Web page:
The Calendula plant has a long history of use in healing wounds and thus has been blended into in an array of skin care recipes. The flowers were collected and used for centuries by indigenous peoples of North America to target nausea, ulcers, menstrual period problems, eye infections such as conjunctivitis.
Therapeutic Properties Described In The Aromatherapy Literature
Antibacterial, Anti-inflammatory, Astringent, Detoxifier, Emmenagogue, Stimulant (digestive and immune system).
- Reduces inflammation and redness (especially helpful with eczema)
- Soothes bee stings, dermatitis, psoriasis and insect bites
- Useful antiseptic lotion for minor cuts
- May target hair loss
- Works for chapped and dry skin
- Decreases varicose veins
- A study in the 2009 issue of the Indian Journal of Experimental Biology found that Calendula works by inhibiting the signaling molecules and enzymes that trigger the body's inflammatory response.
- Reduces internal swelling associated with gastric and duodenal ulcers
- Fights bacteria that cause gastrointestinal infections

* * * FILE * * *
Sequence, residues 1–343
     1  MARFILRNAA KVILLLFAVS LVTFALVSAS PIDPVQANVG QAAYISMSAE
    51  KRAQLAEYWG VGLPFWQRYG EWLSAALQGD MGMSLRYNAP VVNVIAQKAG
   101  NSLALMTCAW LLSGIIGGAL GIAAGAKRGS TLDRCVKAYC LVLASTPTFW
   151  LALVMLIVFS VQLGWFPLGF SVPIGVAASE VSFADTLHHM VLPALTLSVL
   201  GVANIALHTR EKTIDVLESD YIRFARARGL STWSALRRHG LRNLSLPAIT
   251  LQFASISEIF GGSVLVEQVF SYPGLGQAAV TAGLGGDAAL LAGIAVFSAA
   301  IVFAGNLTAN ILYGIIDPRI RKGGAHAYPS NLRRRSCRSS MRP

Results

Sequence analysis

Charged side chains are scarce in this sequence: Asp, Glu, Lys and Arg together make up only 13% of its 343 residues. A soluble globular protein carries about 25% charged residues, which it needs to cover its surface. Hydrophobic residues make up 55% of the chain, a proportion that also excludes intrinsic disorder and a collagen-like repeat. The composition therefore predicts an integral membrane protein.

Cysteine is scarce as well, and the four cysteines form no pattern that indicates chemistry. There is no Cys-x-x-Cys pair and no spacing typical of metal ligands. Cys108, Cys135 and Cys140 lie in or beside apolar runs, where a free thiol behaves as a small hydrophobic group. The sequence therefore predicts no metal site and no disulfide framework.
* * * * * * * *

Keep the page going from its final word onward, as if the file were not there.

In the Journal of Basic and Clinical Physiology and Pharmacology, (Volume 20 2009), researchers at Amala Cancer Research Centre Amala Nagar, India, published a study examining the wound-healing effects of the extract of Calendula officinalis. Researchers saw a dramatic increase in the healing speed of skin wounds, with the conclusion being summed up by: "The data indicate potent wound healing activity of Calendula officinalis extract.” Calendula oil also shows very potent anti-oxidant effects along with protective effects to organ systems. Another study examining these actions concluded "Calendula Extract has been found to contain several carotenoids of which lutein, zeaxanthin and lycopene predominates. Possible mechanism of action of the flower extract may be due to its antioxidant activity and reduction of oxygen radicals." With this activity, the essential oil is not only an excellent choice for wound healing (and dermatitis of all types) but in daily-care recipes as well. One of the 'foundations' of skin aging is that free-radicals speed visible aging of our skin and these highly-regarded antioxidants may have a significant effect at slowing this process. Also of interest is the support offered by Calendula oil for those undergoing cancer radiation-induced epithelitis, one expression of which is commonly called 'radiation burns'. A paper published in the July 2009 French journal of Cancer Radiotherapy, researchers noted that while aloe vera proved beneficial, "Calendula officinalis was shown to be superior".